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Manhattan/Theater District

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(Budget: Name change (new owners?) for the Portland Hotel (now the Sanctuary Hotel). May not be a "budget" option anymore either.)
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* <sleep name="GEM Hotel" alt="" address="449 W 36th St" directions="between 9th and 10th Aves" phone="+1 212 967-7206" email="" fax="+1 212 967-7237" url="" checkin="3PM" checkout="11AM" price="$109+"></sleep>
* <sleep name="GEM Hotel" alt="" address="449 W 36th St" directions="between 9th and 10th Aves" phone="+1 212 967-7206" email="" fax="+1 212 967-7237" url="" checkin="3PM" checkout="11AM" price="$109+"></sleep>
* <sleep name="Salisbury Hotel" alt="" address="123 W 57th St" directions="between 6th and 7th Ave" phone="+1 212 246-1300" tollfree="+1 888 692-5757" email="" fax="+1 212 977-7752" url="" checkin="3PM" checkout="Noon" price="$109+">King and double-bed rooms. Standard rooms are much larger than typical as the hotel was originally designed as a suite hotel.</sleep>
* <sleep name="Salisbury Hotel" alt="" address="123 W 57th St" directions="between 6th and 7th Ave" phone="+1 212 246-1300" tollfree="+1 888 692-5757" email="" fax="+1 212 977-7752" url="" checkin="3PM" checkout="Noon" price="$109+">King and double-bed rooms. Standard rooms are much larger than typical as the hotel was originally designed as a suite hotel.</sleep>
* <sleep name="Sanctuary Hotel" alt="" address="132 W 47th St" directions="between 6th and 7th Aves" phone="+1 212 234-7000" url="" checkin="4PM" checkout="11AM" price="$300+" lat="" long="" tollfree="+1 800 388-8988" email="" fax="+1 212 382-0684">A Times Square-area hotel offering modern accommodations.</sleep>
* <sleep name="Travel Inn Hotel" alt="" address="515 W 42nd St" directions="" phone="" tollfree="" email="" fax="" url="" checkin="" checkout="" price=""></sleep>
* <sleep name="Travel Inn Hotel" alt="" address="515 W 42nd St" directions="" phone="" tollfree="" email="" fax="" url="" checkin="" checkout="" price=""></sleep>
*<sleep name="Jolly Madison Towers" alt="" address="22 E 38th St" directions="" phone="" url="" checkin="" checkout="" price="" lat="" long="">The hotel consists of spacious, comfortable rooms. Event venues, restaurant and spa onsite. $194.89+.</sleep>
*<sleep name="Jolly Madison Towers" alt="" address="22 E 38th St" directions="" phone="" url="" checkin="" checkout="" price="" lat="" long="">The hotel consists of spacious, comfortable rooms. Event venues, restaurant and spa onsite. $194.89+.</sleep>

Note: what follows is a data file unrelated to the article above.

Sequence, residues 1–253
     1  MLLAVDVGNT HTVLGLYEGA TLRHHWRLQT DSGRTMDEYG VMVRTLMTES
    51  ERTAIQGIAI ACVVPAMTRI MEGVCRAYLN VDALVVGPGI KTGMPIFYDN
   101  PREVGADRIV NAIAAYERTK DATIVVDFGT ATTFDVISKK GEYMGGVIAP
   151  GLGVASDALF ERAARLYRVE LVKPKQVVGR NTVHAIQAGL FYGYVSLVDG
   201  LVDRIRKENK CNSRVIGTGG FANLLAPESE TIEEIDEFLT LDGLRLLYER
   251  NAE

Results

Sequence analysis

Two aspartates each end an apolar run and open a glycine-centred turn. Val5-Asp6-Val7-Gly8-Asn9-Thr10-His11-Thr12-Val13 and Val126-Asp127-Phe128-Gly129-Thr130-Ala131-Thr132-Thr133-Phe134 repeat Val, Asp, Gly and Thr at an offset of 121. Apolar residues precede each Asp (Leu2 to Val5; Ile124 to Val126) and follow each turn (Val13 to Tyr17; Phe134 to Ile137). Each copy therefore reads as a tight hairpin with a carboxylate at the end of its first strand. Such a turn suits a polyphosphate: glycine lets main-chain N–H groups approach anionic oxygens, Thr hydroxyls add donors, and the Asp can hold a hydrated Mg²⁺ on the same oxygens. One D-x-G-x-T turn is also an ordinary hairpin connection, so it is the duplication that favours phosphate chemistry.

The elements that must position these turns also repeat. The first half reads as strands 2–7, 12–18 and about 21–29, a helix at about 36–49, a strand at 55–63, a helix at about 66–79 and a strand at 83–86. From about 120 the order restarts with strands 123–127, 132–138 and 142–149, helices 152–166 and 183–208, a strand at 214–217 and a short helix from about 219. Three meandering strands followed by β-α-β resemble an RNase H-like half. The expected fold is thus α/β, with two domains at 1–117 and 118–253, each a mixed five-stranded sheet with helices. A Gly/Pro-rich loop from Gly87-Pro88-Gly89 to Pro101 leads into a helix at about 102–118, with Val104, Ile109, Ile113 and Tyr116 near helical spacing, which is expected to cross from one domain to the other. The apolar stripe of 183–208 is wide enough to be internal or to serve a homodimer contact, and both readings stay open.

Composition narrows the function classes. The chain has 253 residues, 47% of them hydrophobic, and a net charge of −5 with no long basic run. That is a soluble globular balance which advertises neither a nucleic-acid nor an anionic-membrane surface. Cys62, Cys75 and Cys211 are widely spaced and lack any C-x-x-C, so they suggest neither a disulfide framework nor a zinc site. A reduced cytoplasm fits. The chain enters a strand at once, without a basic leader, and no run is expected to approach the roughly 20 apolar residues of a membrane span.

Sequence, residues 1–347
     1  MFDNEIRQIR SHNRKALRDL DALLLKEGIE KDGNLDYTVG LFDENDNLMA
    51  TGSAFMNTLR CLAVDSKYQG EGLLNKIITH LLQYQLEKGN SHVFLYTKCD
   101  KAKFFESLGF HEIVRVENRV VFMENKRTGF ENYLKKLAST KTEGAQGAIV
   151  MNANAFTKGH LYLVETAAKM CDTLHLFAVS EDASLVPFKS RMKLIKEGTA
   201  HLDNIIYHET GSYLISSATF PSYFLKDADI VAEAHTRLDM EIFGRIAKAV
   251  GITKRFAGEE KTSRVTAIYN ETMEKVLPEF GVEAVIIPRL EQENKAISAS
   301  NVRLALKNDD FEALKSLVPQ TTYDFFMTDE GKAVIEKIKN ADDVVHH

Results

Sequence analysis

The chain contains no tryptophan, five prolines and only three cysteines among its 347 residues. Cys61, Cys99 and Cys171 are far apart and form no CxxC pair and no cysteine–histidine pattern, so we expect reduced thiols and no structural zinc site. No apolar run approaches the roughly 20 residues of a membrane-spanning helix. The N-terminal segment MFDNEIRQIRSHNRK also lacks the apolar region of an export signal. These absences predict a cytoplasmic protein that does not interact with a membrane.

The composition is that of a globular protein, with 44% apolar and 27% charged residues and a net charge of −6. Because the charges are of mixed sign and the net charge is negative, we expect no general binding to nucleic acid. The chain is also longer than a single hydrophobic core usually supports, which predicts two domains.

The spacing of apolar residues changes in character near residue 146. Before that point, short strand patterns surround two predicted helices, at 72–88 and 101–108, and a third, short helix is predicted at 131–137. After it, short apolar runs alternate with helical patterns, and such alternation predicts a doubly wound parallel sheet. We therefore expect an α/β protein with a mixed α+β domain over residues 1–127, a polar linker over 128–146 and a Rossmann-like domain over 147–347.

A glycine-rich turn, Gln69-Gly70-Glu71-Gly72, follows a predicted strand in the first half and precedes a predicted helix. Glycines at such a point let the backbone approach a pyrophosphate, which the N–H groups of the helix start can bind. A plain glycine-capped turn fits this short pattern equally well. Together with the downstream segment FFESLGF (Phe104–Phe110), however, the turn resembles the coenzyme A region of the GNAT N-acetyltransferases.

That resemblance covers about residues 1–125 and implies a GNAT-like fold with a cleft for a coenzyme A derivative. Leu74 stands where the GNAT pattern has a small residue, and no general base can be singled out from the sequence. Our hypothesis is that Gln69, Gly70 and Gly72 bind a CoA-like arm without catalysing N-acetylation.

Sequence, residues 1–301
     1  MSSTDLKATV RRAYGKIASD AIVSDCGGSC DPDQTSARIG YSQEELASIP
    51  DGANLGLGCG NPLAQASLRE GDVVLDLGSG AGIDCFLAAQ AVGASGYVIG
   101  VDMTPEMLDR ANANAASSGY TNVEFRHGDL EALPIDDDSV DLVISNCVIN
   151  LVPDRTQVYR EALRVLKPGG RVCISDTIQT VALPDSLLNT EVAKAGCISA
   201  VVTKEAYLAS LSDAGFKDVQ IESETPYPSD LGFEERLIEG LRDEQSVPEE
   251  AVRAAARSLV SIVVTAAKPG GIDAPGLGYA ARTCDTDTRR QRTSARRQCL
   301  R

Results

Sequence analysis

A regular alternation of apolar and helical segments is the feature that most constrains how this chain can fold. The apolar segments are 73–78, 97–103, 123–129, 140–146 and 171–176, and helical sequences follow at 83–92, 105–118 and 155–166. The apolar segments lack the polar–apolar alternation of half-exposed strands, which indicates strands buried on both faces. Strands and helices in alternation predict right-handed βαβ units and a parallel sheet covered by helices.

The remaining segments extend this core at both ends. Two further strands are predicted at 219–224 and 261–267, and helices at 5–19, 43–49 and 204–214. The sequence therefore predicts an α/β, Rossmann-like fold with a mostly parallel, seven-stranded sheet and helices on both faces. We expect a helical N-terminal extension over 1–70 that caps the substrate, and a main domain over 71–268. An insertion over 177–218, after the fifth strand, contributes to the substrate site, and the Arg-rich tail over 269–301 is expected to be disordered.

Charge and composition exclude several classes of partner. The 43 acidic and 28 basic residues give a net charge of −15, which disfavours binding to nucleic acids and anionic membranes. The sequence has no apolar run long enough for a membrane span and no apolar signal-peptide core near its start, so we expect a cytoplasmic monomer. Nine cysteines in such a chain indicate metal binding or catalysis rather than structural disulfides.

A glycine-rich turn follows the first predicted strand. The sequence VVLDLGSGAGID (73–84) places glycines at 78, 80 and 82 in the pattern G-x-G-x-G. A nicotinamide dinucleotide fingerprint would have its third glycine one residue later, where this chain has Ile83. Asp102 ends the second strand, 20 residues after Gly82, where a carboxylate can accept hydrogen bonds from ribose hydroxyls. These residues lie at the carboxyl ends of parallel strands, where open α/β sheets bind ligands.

Revision as of 16:44, 25 September 2011

The neon lights and bustle of Times Square

The Theater District is a popular area of Manhattan in New York City, situated on the western side of Midtown. There is more to this area than just theater, with revivified neighborhoods to the west and north of the core entertainment zone.

The Theater District is occasionally referred to as Midtown West (to distinguish it from "Midtown East").


This district stretches from 34th St, through the heavily commercial West 30s up to 59th St (beyond which is Central Park), and lies west of 6th Ave. The West Side is home not only to the famed "Great White Way" (Broadway), but to the emerging business district centered on the now thoroughly Disneyfied Times Square. The Theater District centers on the outlandishly commercial "New" 42nd Street and heads up Broadway and 7th Avenues, melding to the west with the resurgent neighborhood of Hell's Kitchen and its commercial strip on 9th Avenue, and to the north with the newly-built Time Warner Center at Columbus Circle. The area becomes increasingly residential as you go north or west, and more commercial to the east and south. Many of Manhattan's largest hotels (including the Hilton and the Sheraton) are located on 6th or 7th Avenue in this area.

Visitor information

  • Times Square Information Center, 7th Ave (between 46th and 47th Sts), [1]. M-F 9AM-7PM, Sa-Su 8AM-8PM. Multilingual tourist counselors, free maps and brochures, tickets for Broadway shows and sightseeing tours, and free internet access on their Yahoo computers.

Get in

By subway

The Times Square-42nd St. subway station is one of the major nerve centers of public transit in New York, with the 1, 2, 3, 7, N, R, Q, and S (Grand Central Shuttle) lines all stopping there, while a pedestrian tunnel affords a free transfer to the 42nd St.-8th Av. station, which serves the A, C, and E lines. Nearby, though not connected to the Times Square-42nd St. station, the B, D, F, and M lines stop at 42nd St. and 6th Avenue.

South of Times Square, the 1, 2, and 3 lines run under 7th Avenue, the A, C, and E lines run under 8th Avenue, the N, R, and Q lines run under Broadway, and the B, D, F, and M lines run under 6th Avenue, with all lines stopping at 34th Street.